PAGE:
Official Report (Hansard)

Session: 2011/2012

Date: 18 February 2009

Members present for all or part of the proceedings: 
Mr Danny Kennedy (Chairperson)
Ms Martina Anderson 
Mr Tom Elliott 
Mrs Dolores Kelly 
Mr Ian McCrea 
Mr Francie Molloy 
Mr Stephen Moutray 
Mr Jim Shannon 
Mr Jimmy Spratt

Ms Oonagh McGillion ) Derry City Council 
Mr Tony Monaghan )

The Chairperson (Mr Kennedy):

The last evidence session is with Derry City Council, which is represented by Ms Oonagh McGillion and Tony Monaghan, who are very welcome. Thank you for attending. You may wish to provide the Committee with an overview, after which members will ask questions. The Committee anticipates that the session will last about 20 minutes.

Ms Oonagh McGillion ( Derry City Council):

We will use our written submission as a summary of the key points that Derry City Council wishes to make to the Committee. Those points can be subdivided into three, the first of which is European policy, the second is European funding, and the third is European representation.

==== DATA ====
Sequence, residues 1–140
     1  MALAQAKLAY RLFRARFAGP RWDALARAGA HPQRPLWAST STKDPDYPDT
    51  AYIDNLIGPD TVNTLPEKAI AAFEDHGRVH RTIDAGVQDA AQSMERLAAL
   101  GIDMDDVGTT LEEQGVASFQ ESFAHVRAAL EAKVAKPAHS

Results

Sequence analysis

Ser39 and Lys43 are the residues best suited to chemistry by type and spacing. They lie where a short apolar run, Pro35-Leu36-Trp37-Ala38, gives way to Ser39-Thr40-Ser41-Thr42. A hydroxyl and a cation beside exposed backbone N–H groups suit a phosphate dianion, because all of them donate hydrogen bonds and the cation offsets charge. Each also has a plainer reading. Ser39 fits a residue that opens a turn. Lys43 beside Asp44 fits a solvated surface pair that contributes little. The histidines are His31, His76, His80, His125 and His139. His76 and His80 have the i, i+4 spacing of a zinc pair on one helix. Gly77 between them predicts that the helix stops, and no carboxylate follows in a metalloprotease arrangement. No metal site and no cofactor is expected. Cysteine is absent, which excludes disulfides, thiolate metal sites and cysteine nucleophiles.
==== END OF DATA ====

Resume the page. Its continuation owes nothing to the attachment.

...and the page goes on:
After listening to the previous witnesses, I imagine that a number of the issues that we will present to the Committee have already been covered. Please bear with us while we raise some further points in respect of that information.

European policy is an area that has caused councils much consideration, in that 70% of European policy affects Northern Ireland at a local level. The Committee has heard several of those mentioned — for example, waste management. Derry City Council wants to draw attention to the fact that those are central policies that are not disseminated on the basis of their local impact, costs and benefits. Therefore, when a policy is introduced in Northern Ireland, the regional impact is not identified, and councils must often pick up significant costs related to the implementation of those policies. That gap is significant. If more analysis were carried out at a Northern Ireland level, and more support were given to local authorities, implementation of those policies would be more effective when they reach local level.